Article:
According to the CFSI study, 67 million Americans have no bank accounts or rely on alternative financial services, such as online payday loans and check cashing services. Therefore, they often pay significantly more for services than people with bank accounts.
Underserved consumers also spent considerably more on auto insurance; for cars of comparable value, premiums averaged 26.5 percent more for the underserved than for those who were fully served. In 2015, underserved Americans spent $36.5 billion on auto insurance, compared to $24 billion for the payments and interest on subprime auto loans.
Is Subprime Borrowing Another Disaster in the Making?
According to the CFSI study, marketplace loans and subprime credit cards accounted for $26.2 billion in debt, and these types of credit products continue to grow at a much faster rate than bad credit payday loans and other single-payment credit products. This has some analysts worried about what this trend could mean.
In December 2016, CUInsight.com published information from a forecast prepared by TransUnion. TransUnion predicts that a combination of more subprime borrowers and expected increases in interest rates will lead to a rise in delinquency rates for credit cards and auto loans in 2017. The report stated that subprime credit card accounts have reached their highest level since December 2010, and subprime auto finance accounts are at their highest point since the end of 2013. In contrast, mortgage delinquencies declined 60.8 percent over the last five years and are expected to continue to decline in 2017.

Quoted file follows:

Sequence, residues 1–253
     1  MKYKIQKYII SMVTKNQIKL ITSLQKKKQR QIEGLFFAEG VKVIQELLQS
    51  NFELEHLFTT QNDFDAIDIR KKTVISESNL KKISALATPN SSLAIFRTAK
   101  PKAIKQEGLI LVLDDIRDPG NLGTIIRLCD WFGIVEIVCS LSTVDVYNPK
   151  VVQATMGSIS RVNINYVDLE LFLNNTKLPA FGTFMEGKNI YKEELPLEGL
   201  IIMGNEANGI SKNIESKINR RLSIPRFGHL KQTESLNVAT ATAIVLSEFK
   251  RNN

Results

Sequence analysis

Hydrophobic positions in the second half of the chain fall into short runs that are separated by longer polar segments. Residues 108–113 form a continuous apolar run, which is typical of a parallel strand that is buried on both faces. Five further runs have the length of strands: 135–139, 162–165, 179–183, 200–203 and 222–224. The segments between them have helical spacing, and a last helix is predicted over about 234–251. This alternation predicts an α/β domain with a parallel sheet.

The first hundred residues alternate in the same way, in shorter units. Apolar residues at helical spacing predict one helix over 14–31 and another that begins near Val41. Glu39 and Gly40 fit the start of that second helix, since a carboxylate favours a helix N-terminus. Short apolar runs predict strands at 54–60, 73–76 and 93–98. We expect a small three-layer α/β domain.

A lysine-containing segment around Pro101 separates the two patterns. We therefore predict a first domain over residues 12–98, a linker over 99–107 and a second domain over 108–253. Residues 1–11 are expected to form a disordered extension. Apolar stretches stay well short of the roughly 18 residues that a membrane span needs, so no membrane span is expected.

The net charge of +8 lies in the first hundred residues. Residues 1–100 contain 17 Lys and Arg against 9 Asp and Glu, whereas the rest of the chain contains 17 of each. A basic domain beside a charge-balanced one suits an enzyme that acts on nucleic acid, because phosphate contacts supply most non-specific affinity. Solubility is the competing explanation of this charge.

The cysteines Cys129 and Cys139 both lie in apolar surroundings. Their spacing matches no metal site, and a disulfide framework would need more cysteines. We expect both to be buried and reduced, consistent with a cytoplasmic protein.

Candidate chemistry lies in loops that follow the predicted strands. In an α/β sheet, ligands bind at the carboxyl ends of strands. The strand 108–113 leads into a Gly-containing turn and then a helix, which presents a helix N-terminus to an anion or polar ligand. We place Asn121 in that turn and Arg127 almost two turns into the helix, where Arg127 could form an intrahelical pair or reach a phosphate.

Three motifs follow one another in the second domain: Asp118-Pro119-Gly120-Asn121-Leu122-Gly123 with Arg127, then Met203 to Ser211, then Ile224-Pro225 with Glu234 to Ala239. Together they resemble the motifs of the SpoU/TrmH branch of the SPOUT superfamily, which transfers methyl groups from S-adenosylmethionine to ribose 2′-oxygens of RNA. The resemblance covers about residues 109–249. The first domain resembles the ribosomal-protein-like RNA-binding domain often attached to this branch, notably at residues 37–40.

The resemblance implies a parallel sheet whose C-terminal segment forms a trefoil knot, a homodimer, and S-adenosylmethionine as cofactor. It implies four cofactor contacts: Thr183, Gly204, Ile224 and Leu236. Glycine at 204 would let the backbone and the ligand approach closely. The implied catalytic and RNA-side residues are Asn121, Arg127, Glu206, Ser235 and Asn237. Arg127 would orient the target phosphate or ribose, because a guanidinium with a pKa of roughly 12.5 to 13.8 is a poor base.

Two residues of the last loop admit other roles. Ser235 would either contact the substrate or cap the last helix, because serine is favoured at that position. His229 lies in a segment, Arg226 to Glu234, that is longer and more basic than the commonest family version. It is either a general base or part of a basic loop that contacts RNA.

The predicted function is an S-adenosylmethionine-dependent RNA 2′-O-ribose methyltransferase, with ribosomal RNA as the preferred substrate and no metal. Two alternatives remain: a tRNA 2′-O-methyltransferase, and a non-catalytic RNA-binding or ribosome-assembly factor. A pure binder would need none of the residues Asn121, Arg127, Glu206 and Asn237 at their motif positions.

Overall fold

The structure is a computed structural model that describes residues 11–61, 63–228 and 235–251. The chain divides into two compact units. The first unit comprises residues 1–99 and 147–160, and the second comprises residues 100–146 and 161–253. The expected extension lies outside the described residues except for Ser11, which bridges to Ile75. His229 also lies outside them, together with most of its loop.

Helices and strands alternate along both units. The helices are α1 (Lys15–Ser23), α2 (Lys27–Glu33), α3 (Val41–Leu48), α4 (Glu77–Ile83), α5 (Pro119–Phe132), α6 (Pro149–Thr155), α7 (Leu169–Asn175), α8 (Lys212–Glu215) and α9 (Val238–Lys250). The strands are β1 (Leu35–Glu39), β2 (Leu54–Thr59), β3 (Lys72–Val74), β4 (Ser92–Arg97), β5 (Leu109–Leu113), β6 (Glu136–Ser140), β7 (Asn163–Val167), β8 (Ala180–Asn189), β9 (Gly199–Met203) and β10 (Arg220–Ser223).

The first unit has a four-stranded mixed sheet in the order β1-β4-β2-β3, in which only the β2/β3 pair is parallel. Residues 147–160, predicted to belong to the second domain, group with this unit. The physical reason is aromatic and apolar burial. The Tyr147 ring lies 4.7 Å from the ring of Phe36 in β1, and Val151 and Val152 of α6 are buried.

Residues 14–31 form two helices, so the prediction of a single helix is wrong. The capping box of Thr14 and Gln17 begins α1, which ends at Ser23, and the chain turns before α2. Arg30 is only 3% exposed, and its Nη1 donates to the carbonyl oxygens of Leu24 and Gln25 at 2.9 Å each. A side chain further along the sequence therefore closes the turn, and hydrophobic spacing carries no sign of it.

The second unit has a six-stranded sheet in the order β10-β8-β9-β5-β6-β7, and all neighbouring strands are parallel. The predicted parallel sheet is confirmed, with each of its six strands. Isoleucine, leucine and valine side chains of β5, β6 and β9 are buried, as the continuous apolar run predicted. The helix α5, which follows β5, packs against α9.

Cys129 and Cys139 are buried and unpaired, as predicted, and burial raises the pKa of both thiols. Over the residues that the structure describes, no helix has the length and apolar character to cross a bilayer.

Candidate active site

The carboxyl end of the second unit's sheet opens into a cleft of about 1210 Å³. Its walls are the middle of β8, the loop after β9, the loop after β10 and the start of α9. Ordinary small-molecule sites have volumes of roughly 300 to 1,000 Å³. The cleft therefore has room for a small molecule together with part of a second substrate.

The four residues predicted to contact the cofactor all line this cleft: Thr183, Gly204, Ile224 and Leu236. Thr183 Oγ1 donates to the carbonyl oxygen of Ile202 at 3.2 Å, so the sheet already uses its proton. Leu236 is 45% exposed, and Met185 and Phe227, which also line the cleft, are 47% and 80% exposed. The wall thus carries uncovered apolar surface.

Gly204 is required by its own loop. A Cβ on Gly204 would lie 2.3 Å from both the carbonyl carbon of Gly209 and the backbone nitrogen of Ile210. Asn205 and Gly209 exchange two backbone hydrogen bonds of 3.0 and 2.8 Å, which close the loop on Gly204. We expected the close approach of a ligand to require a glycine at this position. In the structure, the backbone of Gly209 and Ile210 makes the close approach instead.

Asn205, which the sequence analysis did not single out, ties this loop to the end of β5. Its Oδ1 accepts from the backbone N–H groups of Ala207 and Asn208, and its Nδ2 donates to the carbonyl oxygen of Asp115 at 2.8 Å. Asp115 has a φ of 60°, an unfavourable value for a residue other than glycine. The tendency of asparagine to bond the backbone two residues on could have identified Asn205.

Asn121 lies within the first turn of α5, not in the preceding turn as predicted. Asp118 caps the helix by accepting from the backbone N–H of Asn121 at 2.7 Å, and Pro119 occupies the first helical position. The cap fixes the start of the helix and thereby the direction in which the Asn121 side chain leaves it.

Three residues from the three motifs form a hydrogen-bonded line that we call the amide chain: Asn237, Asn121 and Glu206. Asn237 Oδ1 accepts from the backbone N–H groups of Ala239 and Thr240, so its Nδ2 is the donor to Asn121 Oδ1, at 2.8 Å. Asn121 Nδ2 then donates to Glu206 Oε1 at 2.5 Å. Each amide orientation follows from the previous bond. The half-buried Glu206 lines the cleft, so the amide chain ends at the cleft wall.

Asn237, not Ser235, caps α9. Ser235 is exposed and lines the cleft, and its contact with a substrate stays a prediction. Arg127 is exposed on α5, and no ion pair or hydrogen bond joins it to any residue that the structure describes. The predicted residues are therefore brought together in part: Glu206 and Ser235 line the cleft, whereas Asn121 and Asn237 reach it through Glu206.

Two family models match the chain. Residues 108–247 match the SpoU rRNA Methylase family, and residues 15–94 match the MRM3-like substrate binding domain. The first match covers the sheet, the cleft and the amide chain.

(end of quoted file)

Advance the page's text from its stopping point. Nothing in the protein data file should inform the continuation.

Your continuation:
TransUnion also reported on a difference in financial philosophy between prime and subprime borrowers. Borrowers in the prime category are reducing their debt, but subprime borrowers are increasing the balances on their credit cards. Total balances reached $662 billion in 2016, a 6-percent increase over 2015 and $82 billion more than in 2013.
If TransUnion’s information is accurate, this means that subprime borrowers account for the bulk of the increased totals owed on credit cards. In 2017, serious delinquencies on credit cards and auto loans are expected to reach the highest levels since 2012. Although these delinquency rates are much lower than they were during the recession following the financial crisis of 2009, the trend certainly bears watching.
Struggling Americans Need Better Options
When all of the information discussed in this article is assimilated, one fact becomes obvious: Many Americans are struggling financially, and they need better options. The pending CFPB regulations are so burdensome that even the Credit Union National Association, the Independent Community Bankers of America and the National Association of Federal Credit Unions have objected.